We are, as you well know, in the midst of a hotly contested election cycle in the United States. Many people have very strong feelings about the candidates.

As an advocate for healthy and sustainable food systems, I’ve tried to work equally with Republicans and Democrats, and indeed with people of all political perspectives. It seems to me that all of us want safe and healthy food for ourselves and for our families. And that all of us want clean air, clean water, and fertile soil.

Today, it’s the Democratic party that is often more identified with protecting the environment. But it was, in fact, a Republican president, Teddy Roosevelt, who first launched the conservation movement in the United States, which has in turn given rise to the modern environmental movement. And it was another Republican president, Richard Nixon, who, despite his many flaws, led the founding of the Environmental Protection Agency.

Whatever our political persuasion, each and every one of us eats food. And each and every one of us has a stake in how healthy our food is, and how it’s produced.

Our food, and how it’s grown, has, in fact, an enormous impact on our health, and also on the economy, on the environment, and on our national security. Those impacts are so great that food and agriculture have to be considered among the dominant issues facing our nation and the world today.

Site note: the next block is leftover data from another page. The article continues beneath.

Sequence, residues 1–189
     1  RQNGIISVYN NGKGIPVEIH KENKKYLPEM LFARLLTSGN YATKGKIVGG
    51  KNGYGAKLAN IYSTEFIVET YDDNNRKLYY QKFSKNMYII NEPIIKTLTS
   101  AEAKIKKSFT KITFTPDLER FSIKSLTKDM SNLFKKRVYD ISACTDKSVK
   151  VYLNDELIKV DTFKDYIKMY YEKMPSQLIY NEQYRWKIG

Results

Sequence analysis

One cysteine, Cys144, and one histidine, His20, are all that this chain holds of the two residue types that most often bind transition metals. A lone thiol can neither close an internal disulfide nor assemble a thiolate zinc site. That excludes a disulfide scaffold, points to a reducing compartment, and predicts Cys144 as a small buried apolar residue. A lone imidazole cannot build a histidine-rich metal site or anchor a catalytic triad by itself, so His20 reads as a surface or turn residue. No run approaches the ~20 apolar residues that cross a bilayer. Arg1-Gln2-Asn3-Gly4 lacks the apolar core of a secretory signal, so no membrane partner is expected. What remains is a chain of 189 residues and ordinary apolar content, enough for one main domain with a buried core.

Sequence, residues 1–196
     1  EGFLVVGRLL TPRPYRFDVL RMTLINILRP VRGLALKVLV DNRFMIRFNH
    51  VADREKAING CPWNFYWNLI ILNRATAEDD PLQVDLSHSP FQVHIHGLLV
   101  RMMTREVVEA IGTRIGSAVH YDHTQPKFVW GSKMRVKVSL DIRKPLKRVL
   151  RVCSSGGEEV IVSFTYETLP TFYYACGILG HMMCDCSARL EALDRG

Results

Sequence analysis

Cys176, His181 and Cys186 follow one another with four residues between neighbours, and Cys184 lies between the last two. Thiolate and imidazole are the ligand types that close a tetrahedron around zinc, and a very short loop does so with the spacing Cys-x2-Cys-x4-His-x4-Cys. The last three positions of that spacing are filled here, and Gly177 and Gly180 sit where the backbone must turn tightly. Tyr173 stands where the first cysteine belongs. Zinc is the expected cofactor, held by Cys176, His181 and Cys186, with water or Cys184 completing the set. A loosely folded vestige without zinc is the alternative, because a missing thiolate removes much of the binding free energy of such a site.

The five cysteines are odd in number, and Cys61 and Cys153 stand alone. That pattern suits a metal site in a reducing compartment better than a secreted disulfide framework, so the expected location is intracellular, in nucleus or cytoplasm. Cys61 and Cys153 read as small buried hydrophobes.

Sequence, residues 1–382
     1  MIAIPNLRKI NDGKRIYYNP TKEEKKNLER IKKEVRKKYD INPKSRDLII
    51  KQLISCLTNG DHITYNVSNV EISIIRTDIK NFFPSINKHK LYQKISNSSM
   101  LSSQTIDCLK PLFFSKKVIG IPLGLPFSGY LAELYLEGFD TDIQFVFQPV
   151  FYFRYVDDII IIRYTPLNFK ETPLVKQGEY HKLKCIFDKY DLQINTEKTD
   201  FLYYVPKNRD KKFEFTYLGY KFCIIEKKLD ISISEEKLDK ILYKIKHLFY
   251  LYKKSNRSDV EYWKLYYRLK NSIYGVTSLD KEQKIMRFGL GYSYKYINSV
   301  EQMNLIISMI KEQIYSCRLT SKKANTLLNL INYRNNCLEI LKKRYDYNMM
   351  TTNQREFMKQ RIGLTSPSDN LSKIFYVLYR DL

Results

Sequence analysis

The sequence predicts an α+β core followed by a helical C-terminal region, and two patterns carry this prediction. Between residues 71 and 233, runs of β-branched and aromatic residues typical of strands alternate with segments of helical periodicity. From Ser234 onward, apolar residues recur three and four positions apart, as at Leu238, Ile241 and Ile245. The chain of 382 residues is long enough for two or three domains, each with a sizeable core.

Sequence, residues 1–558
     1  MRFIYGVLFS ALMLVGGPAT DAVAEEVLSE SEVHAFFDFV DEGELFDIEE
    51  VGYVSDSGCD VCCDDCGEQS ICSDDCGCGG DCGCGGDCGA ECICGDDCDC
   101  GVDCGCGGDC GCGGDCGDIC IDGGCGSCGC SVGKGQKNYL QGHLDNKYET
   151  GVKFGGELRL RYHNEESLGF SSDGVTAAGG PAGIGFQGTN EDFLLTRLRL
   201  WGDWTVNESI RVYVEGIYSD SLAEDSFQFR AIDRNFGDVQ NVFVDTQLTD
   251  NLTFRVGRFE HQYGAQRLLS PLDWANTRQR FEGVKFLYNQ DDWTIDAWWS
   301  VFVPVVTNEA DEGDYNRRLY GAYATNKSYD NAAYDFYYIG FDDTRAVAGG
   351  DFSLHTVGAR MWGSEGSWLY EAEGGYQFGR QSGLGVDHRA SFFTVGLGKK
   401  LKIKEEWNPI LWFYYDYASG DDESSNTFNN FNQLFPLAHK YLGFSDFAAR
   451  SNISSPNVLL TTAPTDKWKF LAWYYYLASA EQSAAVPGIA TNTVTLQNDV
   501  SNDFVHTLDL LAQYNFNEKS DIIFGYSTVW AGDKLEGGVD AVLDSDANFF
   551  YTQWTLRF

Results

At the Food Revolution Network, we’ve undertaken a serious inquiry into what kinds of food and agriculture policies we might expect from the two leading Presidential candidates if they were to become our next President.

In this inquiry, we’ve researched each of the candidate’s statements about food and agriculture. We’ve examined their policy proposals. We’ve studied what their respective party platforms say about food and agriculture. We’ve looked into each of their histories, both personal and political, regarding food issues. We’ve looked into the funding they’ve each received from players in the food and agriculture world. And we’ve done a thorough investigation into the food and agriculture advisors they’ve each surrounded themselves with, and who they’ve chosen to include in and to head their food and agriculture committees. In this process, we’ve uncovered some extremely potent and little-known information.